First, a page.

October 21st, 2012

TECH Tip: How to Set Your Dies for Correct Shoulder Bump

Some of our readers have questioned how to set up their body dies or full-length sizing dies. Specifically, AFTER sizing, they wonder how much resistance they should feel when closing their bolt.

Forum member Preacher explains:

“A little resistance is a good, when it’s time for a big hammer it’s bad…. Keep your full-length die set up to just bump the shoulder back when they get a little too tight going into the chamber, and you’ll be good to go.”

To quantify what Preacher says, for starters, we suggest setting your body die, or full-length sizing die, to have .0015″ of “bump”. NOTE: This assumes that your die is a good match to your chamber. If your sizing or body die is too big at the base you could push the shoulder back .003″ and still have “sticky case” syndrome. Also, the .0015″ spec is for bolt guns. For AR15s you need to bump the shoulder of your cases .003″ – .005″, for enhanced reliability. For those who have never worked with a body die, bump die, or Full-length sizing die, to increase bump, you loosen lock-ring and screw the die in further (move die down relative to shell-holder). A small amount (just a few degrees) of die rotation can make a difference. To reduce bump you screw the die out (move die up). Re-set lock-ring to match changes in die up/down position.

That .0015″ is a good starting point, but some shooters prefer to refine this by feel. Forum member Chuckhunter notes: “To get a better feel, remove the firing pin from your bolt. This will give you the actual feel of the case without the resistance of the firing pin spring. I always do this when setting up my FL dies by feel. I lock the die in when there is just the very slightest resistance on the bolt and I mean very slight.” Chino69 concurs: “Remove the firing pin to get the proper feel. With no brass in the chamber, the bolt handle should drop down into its recess from the full-open position. Now insert a piece of fire-formed brass with the primer removed. The bolt handle should go to the mid-closed position, requiring an assist to cam home. Do this several times to familiarize yourself with the feel. This is how you want your dies to size your brass, to achieve minimal headspace and a nearly glove-like fit in your chamber.”

We caution that, no matter how well you have developed a “feel” for bolt-closing resistance, once you’ve worked out your die setting, you should always measure the actual amount of shoulder bump to ensure that you are not pushing the shoulder too far back. This is an important safety check. You can measure this using a comparator that attaches to your caliper jaws, or alternatively, use a sized pistol case with the primer removed. See Poor Man’s Headspace Gauge.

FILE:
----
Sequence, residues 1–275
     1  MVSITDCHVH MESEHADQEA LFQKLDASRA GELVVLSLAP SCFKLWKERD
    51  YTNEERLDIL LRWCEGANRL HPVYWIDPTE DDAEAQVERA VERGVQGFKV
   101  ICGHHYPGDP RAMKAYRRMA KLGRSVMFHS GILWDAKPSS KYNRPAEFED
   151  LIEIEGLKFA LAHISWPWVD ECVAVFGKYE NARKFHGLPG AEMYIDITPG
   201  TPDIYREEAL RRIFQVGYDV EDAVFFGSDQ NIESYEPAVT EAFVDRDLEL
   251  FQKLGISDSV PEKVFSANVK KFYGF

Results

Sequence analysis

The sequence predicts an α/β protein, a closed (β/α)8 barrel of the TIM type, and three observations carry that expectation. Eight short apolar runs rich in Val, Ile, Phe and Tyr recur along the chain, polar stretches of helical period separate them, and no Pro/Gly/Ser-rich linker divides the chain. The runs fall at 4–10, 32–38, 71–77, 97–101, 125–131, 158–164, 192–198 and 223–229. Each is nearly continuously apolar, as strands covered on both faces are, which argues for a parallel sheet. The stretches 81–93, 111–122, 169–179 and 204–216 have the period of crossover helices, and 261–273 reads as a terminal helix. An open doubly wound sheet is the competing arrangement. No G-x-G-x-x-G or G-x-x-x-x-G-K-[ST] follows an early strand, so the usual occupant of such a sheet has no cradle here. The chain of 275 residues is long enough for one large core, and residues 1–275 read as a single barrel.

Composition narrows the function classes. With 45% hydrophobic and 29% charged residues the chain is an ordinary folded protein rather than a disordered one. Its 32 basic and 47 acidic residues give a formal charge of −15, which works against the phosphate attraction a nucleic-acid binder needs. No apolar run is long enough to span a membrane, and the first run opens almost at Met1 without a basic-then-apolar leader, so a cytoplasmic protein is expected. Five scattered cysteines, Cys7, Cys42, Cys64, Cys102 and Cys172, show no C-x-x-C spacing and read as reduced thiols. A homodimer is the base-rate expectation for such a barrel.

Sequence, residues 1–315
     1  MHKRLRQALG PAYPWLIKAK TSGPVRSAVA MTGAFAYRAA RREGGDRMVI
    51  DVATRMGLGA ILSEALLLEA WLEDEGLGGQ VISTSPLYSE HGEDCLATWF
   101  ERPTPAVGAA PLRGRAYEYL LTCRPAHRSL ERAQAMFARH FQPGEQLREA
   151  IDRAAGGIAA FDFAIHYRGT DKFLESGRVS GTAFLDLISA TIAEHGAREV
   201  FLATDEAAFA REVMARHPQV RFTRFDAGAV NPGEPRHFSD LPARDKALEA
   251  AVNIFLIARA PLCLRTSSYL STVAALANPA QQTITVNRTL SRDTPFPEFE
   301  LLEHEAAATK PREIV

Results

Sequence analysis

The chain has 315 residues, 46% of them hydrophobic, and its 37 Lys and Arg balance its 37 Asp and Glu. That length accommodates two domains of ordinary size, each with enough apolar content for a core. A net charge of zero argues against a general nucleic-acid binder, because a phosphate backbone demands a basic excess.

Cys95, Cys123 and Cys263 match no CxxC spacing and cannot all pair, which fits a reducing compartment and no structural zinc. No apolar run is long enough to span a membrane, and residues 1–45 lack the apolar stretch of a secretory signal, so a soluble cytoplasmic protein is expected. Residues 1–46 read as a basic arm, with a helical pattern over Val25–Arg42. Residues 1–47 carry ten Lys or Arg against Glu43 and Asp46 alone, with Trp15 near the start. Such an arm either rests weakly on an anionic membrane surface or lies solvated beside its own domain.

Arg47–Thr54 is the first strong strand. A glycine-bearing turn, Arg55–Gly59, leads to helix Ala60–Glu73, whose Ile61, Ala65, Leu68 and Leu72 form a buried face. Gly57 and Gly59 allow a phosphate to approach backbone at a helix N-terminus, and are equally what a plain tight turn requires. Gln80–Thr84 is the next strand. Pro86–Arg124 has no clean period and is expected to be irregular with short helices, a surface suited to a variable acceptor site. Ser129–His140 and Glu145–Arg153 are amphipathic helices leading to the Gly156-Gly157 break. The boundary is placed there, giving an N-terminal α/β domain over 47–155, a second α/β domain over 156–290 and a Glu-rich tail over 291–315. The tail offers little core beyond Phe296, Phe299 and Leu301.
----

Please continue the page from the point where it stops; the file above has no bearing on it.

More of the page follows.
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October 21st, 2012

Planned Federal Budget Freeze May Threaten Public Ranges

Pittman-Robertson gun range funding

Story by NRAHuntersRights.org and NRAblog.com
Shown above is the Belfast Wildlife Area rifle range in Kindards, South Carolina. Belfast was the first public, unmanned shooting range opened and paid for completely with funds raised by NRA Grants and the Wildlife and Sportfish Restoration Program … an act made possible through Pittman-Robertson grants. Several other state Natural Resource Departments have followed suit. Such facilities provide hunters and shooters with a convenient, low cost location to sight in firearms and practice shooting. Now that may be in jeopardy.

In the article below, NRAHuntersRights.org Managing Editor J.R. Robbins explains why government funding for Public Shooting Ranges is threatened:


OMB Threatens to Freeze Pittman-Robertson Funds
Sportsmen nationwide should be aware of a recently released report from the White House Office of Management and Budget that itemizes $31 million in Pittman-Robertson funds to be “sequestered” from the U.S. budget. Sequestration sets aside funding–effectively “freezing” it — until a debt is repaid.

Pittman-Robertson gun range fundingThe listing of the P-R funding (as well as $34 million of Dingell-Johnson funds that support sport fishing) is part of a huge package of across-the-board government budget reductions planned to take effect January 2, 2013, unless Congress can develop a plan to cut $1.2 trillion over the next decade.

This year is the 75th anniversary of the Pittman-Robertson Act, more formally known as the Federal Aid in Wildlife Restoration Act. As most hunters know, the act put an 11 percent excise tax on rifles, shotguns, ammunition and archery equipment that is distributed to state game and fish agencies for the purposes of habitat acquisition and improvement, reintroduction of declining species, wildlife research, hunter education, shooting range development and other conservation projects. (The tax on handguns is 10 percent.)

It is this funding and these projects that have brought back species such as whitetail deer, turkeys, wood ducks, antelope, bald eagles and Canada geese from dangerously low levels a century ago to the strong, sustainable populations we see today. Hunters’ dollars are directly responsible for these and other conservation milestones.

Since 1937, hunters have contributed nearly $7 billion dollars through the Pittman-Robertson Act for the benefit of wildlife conservation. For any given project, P-R funding pays 75 percent of costs, and states must contribute at least 25 percent–most of which comes from hunting license fees …

Read the rest of NRAHuntersRights’ article on the threat to Pittman-Robertson HERE.

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